Last would be copying.  Wildly known and taken as 'referencing' is known to be thrown about in the art community ranging from enthusiasts, hobbyists, and even working artists.  Copying means the same as a direct study, but instead of using it in the purpose of learning, it's more for marketing.  Copying is when an artist is replicating another artist's work and claiming it as their original work, where it looks identical to the original copy.  As much as other artists say this is 'referencing'  it is no better than taking a picture with a camera and reposting it as his/her work.  Copying another person's work is a big "NO," and yet it has been seen almost everywhere.  Stolen work end up being copied and used for profit.  Copying, counterfeiting, has been noticed by either a business which had taken merch either by a designer who was hired and thought it was 'cute,'  or artists who copy the artwork and claim it as their own after changing maybe one element, but not enough where it looks like a completely different artwork.

After learning all three, there is also a gray area in referencing, direct study, and copying,  please remember that in all boils down to whether the consumer has a knowledge base of what they're buying.  Depending on fandoms, and skill of work can be because of modern aesthetics at the time and how much it is in demand.  So for example, there is an artist who recreates a scene but in their style, is that consider copying, referencing, or direct study?  If the artist was taking a view of a movie and redrawing it in their style, it's better to take the consideration that the artist DID reference the scene, but the whole technical side of using their aesthetic is what made the artwork theirs.  However, there are also artists who take a piece of art and then copies the work but in another medium.  In this particular case, the art WAS copied by a different medium because the style aesthetic did not change at all.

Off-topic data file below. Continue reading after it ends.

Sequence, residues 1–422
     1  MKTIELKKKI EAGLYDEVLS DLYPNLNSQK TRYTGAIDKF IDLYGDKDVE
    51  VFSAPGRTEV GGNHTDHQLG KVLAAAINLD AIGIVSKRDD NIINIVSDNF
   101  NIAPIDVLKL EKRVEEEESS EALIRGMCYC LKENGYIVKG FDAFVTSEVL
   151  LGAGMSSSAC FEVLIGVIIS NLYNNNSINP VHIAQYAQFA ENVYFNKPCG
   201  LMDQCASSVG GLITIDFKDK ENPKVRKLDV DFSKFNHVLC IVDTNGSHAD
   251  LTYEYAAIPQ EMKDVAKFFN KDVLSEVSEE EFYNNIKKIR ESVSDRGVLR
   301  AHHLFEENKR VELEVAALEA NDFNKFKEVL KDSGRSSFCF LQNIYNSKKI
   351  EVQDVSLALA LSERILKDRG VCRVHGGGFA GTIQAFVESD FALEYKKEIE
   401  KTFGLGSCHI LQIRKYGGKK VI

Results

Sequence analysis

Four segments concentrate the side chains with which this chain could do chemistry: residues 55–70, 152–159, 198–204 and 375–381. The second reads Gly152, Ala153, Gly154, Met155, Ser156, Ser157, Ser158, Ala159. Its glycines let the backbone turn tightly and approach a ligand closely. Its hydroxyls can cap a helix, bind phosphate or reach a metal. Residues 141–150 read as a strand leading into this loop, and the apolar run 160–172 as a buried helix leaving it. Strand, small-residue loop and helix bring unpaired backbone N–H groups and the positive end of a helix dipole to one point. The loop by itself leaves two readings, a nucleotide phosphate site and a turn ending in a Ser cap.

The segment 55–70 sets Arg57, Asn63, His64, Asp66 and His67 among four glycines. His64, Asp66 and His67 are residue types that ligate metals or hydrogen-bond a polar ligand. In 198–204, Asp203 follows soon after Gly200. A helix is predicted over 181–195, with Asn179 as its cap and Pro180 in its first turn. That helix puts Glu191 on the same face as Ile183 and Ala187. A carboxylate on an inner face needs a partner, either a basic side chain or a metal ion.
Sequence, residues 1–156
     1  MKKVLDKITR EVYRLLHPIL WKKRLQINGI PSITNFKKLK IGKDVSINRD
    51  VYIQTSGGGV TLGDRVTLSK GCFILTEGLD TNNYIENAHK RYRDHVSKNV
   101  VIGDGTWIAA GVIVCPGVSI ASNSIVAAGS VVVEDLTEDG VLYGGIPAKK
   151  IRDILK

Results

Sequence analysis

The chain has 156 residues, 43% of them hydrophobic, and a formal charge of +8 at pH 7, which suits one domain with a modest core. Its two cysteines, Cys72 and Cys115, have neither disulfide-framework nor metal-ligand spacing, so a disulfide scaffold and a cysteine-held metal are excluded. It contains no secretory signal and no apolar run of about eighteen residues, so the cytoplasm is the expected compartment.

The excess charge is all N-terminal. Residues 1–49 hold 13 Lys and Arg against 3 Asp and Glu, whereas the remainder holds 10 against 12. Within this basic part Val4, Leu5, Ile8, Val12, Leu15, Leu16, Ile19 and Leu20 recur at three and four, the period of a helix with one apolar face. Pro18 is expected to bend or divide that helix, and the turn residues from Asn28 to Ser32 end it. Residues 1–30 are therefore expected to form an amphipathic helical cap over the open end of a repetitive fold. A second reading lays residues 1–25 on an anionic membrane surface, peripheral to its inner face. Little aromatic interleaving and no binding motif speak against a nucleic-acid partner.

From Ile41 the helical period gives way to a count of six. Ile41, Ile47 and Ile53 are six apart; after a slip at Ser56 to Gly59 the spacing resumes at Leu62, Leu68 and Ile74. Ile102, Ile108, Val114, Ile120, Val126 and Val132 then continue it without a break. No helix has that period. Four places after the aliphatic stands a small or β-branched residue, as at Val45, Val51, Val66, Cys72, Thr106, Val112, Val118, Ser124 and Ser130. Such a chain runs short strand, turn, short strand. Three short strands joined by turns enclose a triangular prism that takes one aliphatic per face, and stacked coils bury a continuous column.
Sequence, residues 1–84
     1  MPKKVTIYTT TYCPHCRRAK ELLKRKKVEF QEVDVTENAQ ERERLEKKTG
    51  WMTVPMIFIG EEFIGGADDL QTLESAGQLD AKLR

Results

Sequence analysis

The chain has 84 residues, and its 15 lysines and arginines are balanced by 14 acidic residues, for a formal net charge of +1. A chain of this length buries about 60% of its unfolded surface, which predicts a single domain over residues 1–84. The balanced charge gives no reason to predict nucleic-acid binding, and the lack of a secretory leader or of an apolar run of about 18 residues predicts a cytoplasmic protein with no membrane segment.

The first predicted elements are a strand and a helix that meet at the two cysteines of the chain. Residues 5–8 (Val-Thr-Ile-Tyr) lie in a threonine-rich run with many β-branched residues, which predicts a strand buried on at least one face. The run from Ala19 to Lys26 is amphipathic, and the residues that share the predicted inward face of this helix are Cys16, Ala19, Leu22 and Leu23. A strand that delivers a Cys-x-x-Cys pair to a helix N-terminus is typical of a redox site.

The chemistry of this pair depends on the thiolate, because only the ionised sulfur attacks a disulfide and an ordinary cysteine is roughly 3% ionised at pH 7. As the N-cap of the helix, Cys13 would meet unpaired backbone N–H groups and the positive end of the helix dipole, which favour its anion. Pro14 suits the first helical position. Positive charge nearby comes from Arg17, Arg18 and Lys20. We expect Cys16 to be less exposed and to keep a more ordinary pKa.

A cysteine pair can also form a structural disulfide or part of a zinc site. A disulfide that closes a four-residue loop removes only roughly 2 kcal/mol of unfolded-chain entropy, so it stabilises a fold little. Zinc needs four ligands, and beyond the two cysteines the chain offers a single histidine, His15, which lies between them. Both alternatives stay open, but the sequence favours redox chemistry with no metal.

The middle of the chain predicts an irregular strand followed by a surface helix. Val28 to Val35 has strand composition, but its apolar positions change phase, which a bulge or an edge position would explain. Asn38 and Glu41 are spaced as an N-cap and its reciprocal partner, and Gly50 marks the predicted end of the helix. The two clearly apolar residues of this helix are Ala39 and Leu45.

In the end, whether you're copying or doing a direct study, it is in best to give credit to the original.  If you cannot find the original, do not claim it as your own, and continue building the drawer of references to create new worlds!

Thursday, January 24, 2019

Wednesday, January 23, 2019

pose practice

Quick Gestures, I'm hoping to capture more of the feeling and readability.  These were all about 2 minute drawings and working at that speed, I wanted the actual feeling while attempting to keep the proportion. 

Tips I've used was looking at the negative spaces around the legs since that was my trouble spots.  Trying to lay down the whole body was more important to me rather than noodling over fingers and toes.

Friday, January 18, 2019

Katsuya Terada

I found this video, I stumbled upon just an artist thoughts of Katsuya Terada.  With just the insight of this manga/fine/digital artist, I thought about where it's to drawing, to keep drawing, and it takes a lot of time.  No artist is really satisfied because we're always in a constant pace of growing.  Terada mentions "I have many drawers" which means the references and experiences he's drawn and copied in memory.  "Now my drawers are full."  But that never lasts forever.